The Sierra Club, Claremont Conservancy, and UC Berkeley are the largest advocates against the Eucalyptus trees. Their strategy involves removing the most flammable non-native trees in select areas most at risk, restoring areas with fire resistant native trees/ plants, and re-establishing greater biodiversity to help endangered species. They support removing monoculture Eucalyptus trees from areas where they pose the greatest risk to loss of life and property. Opposing them are groups like the Hills Conservation Network. UC Berkeley also appears to support an aggressive effort to remove the fire prone Eucalyptus trees. FEMA granted $5.6 million to UC Berkeley, East Bay Regional Parks District and the City of Oakland to reduce fire danger mainly by cutting down the eucalyptus in the highest risk areas (Eastbay Express). The work still hasn’t been started due to community tensions.
Many high-ranking government officials in the area have been vocal in their support of efficient management of these trees in the past as well. “The fire hazard posed by these trees is well documented,” read letters signed by state Sen. Loni Hancock, Berkeley Mayor Tom Bates and Oakland Mayor Jean Quan. “In Claremont Canyon, complete removal of these dense tree clusters will enable native species of oak, bay and willow to regenerate,” the letters continue. Assemblywoman Nancy Skinner and several Berkeley and Oakland council members sent similar letters.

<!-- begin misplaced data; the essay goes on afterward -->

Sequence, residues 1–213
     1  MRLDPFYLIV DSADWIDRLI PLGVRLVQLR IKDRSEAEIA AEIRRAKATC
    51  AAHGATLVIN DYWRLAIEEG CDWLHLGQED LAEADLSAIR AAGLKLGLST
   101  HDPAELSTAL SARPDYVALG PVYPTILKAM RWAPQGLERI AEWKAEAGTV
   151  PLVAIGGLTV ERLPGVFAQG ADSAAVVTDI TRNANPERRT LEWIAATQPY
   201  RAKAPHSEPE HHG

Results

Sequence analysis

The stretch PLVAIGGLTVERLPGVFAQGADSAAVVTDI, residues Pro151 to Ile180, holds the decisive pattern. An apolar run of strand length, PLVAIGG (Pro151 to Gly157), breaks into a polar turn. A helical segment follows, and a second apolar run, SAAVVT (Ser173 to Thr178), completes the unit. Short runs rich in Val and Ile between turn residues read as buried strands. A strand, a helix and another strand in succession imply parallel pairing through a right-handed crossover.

Despite the fierce opposition Berkeley and EBRPD have worked out their own management plants to take care of these dangerous trees. The East Bay Regional Park District, which owns the Claremont Canyon Regional Preserve, thins the trees as part of its longtime approach to fuels management. The EBRPD was sued in 2005 for their plan and settled on an approach that would focus on clearing brush and removing dead trees. Despite the obvious danger that these trees contributed to the 1991 fire many remain passionate against the removal of these trees. Groups like the Claremont Conservancy want to see the area maintained routinely. “After 10 years with only minimal progress, it’s also time for some new leadership. It’s time for the state to get involved. The North Bay wildfires have made it clear that Cal Fire is the command leader in fire suppression. It must be given more authority by the state to coordinate, mandate and monitor the fire prevention work of local agencies to reduce risk in high fire hazard zones” (Eastbay Times). The East Bay Regional Park District (EBRPD) first adopted its fuel management plan in 2010, with the intention of keeping fires from starting and spreading in the hills.
FEMA’s environmental impact statement and involvement supports the idea that eradicating the trees now would be worth the short term consequences to native plant and animal lie. It would take a considerable amount of time or native forests to repopulate and become healthy. Over 13,000 public comment letters were sent to the FEMA in 2013 to be critical of their plan with claims such as ‘hikers will be overexposed to the sun’ in their reasoning. There is much documented evidence that the Eucalyptus trees were the largest problem in the 1991 fire so this discussion will continue.
""Which is most likely to minimize large-scale fires? Which proposal has the least impact on flora and fauna? Which method is most cost effective? There is no easy solution to each of these complex fire and conservation problems. Instead, there are many, and that’s part of the problem; though environmentalists across the board share many common goals, their ways of achieving them are sharply divided. Which might make for livelier town council meetings but means fewer concrete changes in the short term” (Cal Alumni).